Suspension is by beam axles and coil springs all round, with exceptional wheel movement.

Body styling could best be described as boxy and practical with the aluminium body panels reducing overall vehicle weight and helping lower the vehicle's centre of gravity.

Lack of body overhang gives the County good approach and departure angles. With Rover's full-time four-wheel drive system there is no need to get out and engage hubs to obtain maximum traction - a useful feature if conditions catch you by surprise.

With a lockable centre differential and exceptional suspension travel, the Land Rover is a truly go-anywhere machine.

From the early 1990s brakes have been power-assisted discs at the front and drums at the rear.

Steering is worm and roller, power assisted, with four turns lock to lock and a turning circle of 12.8 metres.

The square-styled body has either two or four doors, seats either two or five people and the body panels are aluminium for light weight and corrosion proofing.

Inside, rubber flooring and a fully moulded headlining, vinyl upholstery and under seat storage boxes, and a wading plug - for letting the water out after deep creek crossings - all attest to the practical nature of the vehicle.

A radio/cassette is fitted as one of the few creature comforts but air-conditioning became standard from 1989.

With the 3.5-litre V8 pushing around a vehicle weighing in at over 3000kg, performance and economy are, to put it bluntly, unremarkable. The 3.8-litre diesel, superseded by the Discovery's turbo diesel in later models, is lighter on fuel.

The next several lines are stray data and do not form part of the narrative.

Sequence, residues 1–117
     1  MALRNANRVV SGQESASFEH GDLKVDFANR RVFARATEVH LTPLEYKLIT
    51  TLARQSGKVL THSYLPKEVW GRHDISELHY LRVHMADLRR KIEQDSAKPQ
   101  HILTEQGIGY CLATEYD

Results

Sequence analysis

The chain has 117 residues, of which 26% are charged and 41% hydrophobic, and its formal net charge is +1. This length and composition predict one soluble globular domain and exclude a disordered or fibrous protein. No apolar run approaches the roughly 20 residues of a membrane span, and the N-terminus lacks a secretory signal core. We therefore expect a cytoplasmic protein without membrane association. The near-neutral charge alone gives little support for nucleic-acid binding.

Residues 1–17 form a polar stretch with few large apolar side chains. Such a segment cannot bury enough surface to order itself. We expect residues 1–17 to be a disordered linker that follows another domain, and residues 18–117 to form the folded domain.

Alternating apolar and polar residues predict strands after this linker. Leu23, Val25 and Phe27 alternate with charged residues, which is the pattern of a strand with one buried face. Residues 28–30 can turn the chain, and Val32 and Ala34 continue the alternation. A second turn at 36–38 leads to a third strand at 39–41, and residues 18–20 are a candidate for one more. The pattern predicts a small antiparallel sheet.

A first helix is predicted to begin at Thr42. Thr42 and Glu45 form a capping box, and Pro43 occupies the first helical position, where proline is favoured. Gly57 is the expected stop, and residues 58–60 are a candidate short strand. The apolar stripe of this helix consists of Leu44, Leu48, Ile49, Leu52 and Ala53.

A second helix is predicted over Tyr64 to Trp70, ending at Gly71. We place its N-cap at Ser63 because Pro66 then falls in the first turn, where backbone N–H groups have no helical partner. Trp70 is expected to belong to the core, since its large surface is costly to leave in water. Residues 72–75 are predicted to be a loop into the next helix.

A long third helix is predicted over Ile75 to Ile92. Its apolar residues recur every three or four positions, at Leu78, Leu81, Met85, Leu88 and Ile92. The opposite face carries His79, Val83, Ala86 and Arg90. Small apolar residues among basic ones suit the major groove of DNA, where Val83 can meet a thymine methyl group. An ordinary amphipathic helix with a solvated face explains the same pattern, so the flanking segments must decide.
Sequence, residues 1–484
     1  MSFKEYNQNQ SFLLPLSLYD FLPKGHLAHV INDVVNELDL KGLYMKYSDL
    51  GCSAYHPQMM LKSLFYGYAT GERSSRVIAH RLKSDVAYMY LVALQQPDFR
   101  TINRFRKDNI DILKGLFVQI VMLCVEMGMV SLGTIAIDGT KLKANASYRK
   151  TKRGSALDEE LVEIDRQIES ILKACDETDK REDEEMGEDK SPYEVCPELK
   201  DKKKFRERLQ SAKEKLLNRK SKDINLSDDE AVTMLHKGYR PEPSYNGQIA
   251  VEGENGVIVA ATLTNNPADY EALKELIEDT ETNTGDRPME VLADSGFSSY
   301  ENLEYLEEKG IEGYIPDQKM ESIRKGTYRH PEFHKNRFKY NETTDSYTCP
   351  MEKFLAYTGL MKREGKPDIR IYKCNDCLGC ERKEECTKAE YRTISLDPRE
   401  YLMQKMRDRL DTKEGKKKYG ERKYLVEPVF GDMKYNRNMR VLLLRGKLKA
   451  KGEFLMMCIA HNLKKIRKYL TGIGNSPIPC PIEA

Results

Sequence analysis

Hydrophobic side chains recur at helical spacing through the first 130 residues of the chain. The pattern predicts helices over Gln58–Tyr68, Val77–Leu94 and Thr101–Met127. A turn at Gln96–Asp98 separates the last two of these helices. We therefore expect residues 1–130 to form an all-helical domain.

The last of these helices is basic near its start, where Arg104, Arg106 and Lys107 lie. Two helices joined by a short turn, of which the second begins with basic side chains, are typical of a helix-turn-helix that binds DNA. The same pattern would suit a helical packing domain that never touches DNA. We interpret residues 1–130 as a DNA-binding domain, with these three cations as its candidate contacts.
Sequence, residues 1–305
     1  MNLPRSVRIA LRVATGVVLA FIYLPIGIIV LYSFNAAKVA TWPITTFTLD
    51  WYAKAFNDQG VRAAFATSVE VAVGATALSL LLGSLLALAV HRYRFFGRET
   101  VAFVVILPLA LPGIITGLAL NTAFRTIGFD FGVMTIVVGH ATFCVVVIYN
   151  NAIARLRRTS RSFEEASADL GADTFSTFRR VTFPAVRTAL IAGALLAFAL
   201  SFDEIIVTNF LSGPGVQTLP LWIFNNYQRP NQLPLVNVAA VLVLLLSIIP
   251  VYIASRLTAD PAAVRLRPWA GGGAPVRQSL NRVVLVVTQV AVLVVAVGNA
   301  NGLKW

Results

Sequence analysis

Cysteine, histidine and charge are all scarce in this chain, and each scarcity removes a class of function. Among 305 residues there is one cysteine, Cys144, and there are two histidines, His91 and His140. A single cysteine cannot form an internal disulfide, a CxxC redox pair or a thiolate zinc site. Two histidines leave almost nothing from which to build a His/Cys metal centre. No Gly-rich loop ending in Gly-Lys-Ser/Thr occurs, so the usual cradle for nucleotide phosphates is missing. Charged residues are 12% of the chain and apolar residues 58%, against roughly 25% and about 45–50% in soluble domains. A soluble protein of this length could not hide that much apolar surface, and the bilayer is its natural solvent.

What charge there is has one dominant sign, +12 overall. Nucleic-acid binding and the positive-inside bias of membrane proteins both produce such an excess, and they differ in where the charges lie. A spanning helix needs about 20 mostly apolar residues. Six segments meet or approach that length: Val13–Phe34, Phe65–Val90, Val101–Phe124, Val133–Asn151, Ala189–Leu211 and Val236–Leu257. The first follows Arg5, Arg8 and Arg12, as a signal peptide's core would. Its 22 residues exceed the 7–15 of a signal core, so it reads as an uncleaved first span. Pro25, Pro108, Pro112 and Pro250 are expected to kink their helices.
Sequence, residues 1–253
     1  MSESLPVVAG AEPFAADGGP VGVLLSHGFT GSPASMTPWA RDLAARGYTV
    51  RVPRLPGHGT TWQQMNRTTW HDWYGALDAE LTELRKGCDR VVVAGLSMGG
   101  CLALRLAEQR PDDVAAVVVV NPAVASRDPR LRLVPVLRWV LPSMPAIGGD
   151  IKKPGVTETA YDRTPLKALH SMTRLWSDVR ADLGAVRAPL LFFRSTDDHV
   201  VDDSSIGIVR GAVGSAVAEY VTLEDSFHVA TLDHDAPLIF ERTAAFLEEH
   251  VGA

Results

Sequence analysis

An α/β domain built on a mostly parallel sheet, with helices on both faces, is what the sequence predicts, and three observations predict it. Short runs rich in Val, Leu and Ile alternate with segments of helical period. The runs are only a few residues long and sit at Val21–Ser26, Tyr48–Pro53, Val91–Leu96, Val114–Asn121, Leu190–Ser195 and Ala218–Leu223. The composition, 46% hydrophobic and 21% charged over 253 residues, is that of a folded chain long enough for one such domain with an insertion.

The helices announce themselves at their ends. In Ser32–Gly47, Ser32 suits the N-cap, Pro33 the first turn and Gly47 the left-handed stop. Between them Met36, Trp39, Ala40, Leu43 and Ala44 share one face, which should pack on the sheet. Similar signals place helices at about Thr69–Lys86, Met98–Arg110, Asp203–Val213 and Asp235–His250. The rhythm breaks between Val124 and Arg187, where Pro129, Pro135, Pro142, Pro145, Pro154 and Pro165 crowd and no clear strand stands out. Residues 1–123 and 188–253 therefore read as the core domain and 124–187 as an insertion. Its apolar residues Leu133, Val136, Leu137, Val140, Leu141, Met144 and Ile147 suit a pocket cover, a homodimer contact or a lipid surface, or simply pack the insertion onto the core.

Stark but strong, the Defender is a vehicle for rugged, practical use. Its ultra strong chassis and massive wheel travel make it ideal for serious off-road work and, although light on creature comforts, it is a popular choice for outback use.

Under BMW ownership, Land Rover decided that a new heart was needed for its half-century-old workhorse to see in the new Millennium.

So in went a 90kW/300Nm version of the 2.5-litre five-cylinder turbo-diesel and five-speed manual gearbox combination introduced in the early 1990s.

Three wheelbase sizes were offered – with the 2360mm ‘90’ joining the long-established 2794mm ‘110’ wagon and cab-chassis and 3226mm ‘130’ cab-chassis and crew cab-chassis utility models from 2003 to 2006.

The Extreme variants brought more equipment with them, while a Tomb Raider edition in 2001 coincided with the release of the Hollywood movie of the same name.

In November 2007, Land Rover introduced a revised Defender.

The changes are not immediately obvious since the same ‘110’ wagon and ‘130’ four-door utility architecture choices have been retained.

Until you sit inside and drive the Defender that is, since a redesigned dashboard dominates a 30 per cent quieter interior that also features forward-facing third-row seating availability for the first time (in the 110), while an all-new powerplant results in a 20 per cent boost in torque.

From the driver’s seat, you are most likely to notice the ‘reprofiled’ bonnet that features a hump as a result of a taller engine installation.

It is the only real visual clue to the new vehicle – along with the spelling of ‘LAND ROVER’ instead of ‘DEFENDER’ on the bonnet’s trailing edge.